Bat Mitzvah Project Turns Into Food for Charity
Middle school student Jamie Osman collects more than $500 worth of food for charity.
The theme of her Bat Mitzvah was food, and one local student took that opportunity to give some of that back to those in need.
Jamie Osman, a seventh-grader at Bridgewater-Raritan Middle School, was already involved in charity work when she decided to add one more act to her resume, donating food collected for her Bat Mitzvah project to the Food Bank Network of Somerset County.
Already a regular with the Interfaith Hospitality Network as she volunteered for the dinner shift and to stay with guests, Osman found, with the help of her father Larry, YouGiveGoods, a website that allows people to advertise for donations to local charities.
“We created the site together, and put it on Facebook too,” Larry Osman said. “In no time, about $500 worth was donated, and we went to the food bank when the truck delivered the food. It was a good experience for her, in the fact that it was so easy to do.”
That $500 worth of food was actually about 35 percent higher than Jamie Osman’s initial goal.
With her Bat Mitzvah on Sept. 17, Larry Osman said, his daughter was already planning ways of collecting food for those in need by using baskets of items as table centerpieces instead of flowers.
Jamie Osman said she was excited to do this, and to take it one step further with the website.
“I felt that this could feed more hungry in our community,” she said. “I saw the impact my drive had, and that it’s good to be involved to make people’s lives better.”
Initially, Larry Osman said, his daughter had been focusing on the Interfaith Hospitality Network, where she befriended some of the children, and even took them to Chuck E. Cheese for their birthdays.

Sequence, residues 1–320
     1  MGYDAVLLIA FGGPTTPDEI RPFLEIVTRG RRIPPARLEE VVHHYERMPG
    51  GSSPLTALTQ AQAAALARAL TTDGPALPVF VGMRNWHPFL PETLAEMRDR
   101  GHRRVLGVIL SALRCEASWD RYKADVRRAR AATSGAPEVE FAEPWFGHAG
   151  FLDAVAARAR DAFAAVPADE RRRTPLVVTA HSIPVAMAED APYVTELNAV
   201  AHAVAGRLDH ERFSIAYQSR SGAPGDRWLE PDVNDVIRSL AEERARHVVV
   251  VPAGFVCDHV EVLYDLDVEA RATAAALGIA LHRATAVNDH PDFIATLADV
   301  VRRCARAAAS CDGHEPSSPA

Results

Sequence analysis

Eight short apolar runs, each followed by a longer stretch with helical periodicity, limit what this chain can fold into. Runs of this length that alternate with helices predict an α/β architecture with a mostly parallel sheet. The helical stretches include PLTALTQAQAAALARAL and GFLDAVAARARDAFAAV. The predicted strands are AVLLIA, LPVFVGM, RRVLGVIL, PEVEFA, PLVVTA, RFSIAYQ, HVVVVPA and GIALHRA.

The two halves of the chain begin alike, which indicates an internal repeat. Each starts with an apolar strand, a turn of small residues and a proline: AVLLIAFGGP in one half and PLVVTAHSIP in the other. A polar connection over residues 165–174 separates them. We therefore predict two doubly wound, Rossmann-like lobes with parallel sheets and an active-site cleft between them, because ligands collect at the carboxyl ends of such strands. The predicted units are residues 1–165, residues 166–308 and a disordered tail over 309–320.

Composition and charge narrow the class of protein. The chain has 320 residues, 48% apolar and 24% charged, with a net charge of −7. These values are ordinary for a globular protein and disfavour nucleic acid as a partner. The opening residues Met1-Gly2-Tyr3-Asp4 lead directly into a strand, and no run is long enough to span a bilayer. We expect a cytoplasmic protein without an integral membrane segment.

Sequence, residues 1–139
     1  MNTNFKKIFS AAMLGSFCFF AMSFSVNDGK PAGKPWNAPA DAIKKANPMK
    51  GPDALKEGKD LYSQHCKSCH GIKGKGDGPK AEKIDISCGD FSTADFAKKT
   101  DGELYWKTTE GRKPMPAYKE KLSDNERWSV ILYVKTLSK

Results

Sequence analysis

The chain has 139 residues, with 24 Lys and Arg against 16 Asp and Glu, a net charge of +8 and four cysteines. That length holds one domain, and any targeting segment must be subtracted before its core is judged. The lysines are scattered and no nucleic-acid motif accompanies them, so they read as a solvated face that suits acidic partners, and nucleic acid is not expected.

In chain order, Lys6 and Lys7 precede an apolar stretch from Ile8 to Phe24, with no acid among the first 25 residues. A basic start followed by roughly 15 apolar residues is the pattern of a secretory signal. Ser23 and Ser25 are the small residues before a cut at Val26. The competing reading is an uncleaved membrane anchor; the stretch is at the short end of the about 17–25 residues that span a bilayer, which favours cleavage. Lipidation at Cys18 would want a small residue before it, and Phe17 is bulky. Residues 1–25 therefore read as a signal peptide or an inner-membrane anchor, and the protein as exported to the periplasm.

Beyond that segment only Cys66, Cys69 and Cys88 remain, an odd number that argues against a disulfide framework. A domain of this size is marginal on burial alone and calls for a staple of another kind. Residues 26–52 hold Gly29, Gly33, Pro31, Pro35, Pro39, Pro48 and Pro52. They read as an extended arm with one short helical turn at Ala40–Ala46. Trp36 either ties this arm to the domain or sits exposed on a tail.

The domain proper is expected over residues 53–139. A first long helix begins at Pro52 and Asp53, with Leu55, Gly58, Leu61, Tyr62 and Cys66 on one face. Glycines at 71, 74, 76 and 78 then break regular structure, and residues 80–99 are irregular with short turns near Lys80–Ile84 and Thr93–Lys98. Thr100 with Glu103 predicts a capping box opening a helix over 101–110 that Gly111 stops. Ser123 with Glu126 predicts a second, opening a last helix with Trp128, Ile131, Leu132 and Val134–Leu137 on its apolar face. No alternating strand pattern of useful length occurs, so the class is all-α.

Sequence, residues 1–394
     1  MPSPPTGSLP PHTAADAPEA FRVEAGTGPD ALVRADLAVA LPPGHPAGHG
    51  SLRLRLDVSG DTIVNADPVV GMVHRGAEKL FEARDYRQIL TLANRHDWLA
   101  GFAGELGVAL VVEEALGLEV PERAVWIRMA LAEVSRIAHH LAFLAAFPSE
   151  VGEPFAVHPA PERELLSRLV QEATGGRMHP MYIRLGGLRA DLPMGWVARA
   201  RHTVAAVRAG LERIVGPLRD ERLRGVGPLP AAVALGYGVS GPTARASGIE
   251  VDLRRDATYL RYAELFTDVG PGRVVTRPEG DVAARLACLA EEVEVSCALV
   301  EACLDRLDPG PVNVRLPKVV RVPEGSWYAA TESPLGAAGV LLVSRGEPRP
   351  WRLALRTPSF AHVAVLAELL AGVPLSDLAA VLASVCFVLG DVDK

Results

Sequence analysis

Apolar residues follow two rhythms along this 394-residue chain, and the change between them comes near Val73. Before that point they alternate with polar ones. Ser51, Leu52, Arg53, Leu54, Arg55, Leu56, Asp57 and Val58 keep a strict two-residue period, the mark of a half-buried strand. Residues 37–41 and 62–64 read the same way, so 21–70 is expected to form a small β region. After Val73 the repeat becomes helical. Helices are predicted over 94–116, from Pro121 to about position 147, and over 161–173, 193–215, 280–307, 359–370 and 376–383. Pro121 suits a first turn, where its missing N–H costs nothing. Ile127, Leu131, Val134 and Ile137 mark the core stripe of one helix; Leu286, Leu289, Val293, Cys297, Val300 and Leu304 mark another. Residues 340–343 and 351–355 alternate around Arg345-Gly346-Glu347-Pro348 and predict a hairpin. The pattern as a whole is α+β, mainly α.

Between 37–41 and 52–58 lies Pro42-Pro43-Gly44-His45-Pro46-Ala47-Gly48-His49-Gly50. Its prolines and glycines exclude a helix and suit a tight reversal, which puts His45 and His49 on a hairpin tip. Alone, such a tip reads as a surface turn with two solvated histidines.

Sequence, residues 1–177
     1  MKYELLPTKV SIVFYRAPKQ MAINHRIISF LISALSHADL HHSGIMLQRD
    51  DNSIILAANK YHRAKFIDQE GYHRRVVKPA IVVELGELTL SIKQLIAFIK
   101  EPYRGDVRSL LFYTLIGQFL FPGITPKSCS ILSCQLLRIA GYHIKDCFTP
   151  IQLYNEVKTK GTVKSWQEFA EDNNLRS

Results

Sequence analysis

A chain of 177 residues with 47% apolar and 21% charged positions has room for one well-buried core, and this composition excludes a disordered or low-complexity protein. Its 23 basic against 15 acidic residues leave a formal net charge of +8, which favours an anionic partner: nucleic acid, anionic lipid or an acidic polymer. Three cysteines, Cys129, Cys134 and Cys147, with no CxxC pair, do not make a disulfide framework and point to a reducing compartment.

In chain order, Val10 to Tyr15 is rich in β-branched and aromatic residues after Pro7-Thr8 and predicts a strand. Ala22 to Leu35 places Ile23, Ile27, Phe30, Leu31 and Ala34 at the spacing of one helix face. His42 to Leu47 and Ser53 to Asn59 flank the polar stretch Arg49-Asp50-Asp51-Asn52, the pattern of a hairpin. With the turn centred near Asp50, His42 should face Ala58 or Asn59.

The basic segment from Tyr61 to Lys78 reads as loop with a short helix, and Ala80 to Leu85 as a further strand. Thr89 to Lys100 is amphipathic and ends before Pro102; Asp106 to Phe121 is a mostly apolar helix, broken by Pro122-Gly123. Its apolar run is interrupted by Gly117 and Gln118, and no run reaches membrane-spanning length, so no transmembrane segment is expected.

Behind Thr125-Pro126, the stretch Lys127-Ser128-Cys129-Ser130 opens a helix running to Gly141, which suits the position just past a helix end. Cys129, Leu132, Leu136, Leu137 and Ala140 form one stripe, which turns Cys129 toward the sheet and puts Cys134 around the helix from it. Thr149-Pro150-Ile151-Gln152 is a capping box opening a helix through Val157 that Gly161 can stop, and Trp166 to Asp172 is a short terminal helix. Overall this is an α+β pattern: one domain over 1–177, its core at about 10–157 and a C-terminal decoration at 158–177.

“They generally don’t get anything that nice,” he said.
And when his daughter began studying for her Bat Mitzvah at Temple Beth El in Hillsborough, Osman said, she was supposed to do another charity project, which is when she began collecting food.
“She was going to be giving food to the county food bank with the table decorations,” he said. “But then we heard of the website and thought it kind of complements this.”
“She was learning her Torah portion, and what that meant and the prayers, and there’s a piece of it that speaks to what it is to help,” he added. “It’s almost like a no brainer, if people are doing these charity projects, why not set up a drive. It’s amazing how generous people can be.”
Basically, Osman said, he and Jamie put together the drive on the website, and posted links to it on Facebook to get the word out to their friends. People were asked to purchase goods beginning at $5 via the Internet, and YouGiveGoods, based in Morristown, collected and delivered all the items to the food bank.
Osman said they reposted the information multiple times over a month-long period, and the results were very good.
“People were very generous,” he said. “We have friends all over, and people from Chicago donated. Even a guy from the Philippines donated, so it was very interesting.”
Once the drive had ended, Osman said, he, his wife and Jamie waited for the truck delivery at the food bank.
“Normally, the workers there have to sort through all this food, and they find stuff that is expired and things people generally don’t want,” he said. “This way, the truck came and we put it all out ready to give away.”
Osman said he is proud of the work his daughter did, and how involved she got in donating to those in need.
“I thought this was amazing because Jamie said you’re one click away from helping someone,” he said. “The best thing is to make it personal and social. Anyone can start a food drive so easily, and things will happen.”
Jamie Osman said she is glad she got the opportunity to help and make a difference. She said she would absolutely continue collecting food for those in need in the future.
“It doesn’t take much effort to help people, so why not do it more,” she said.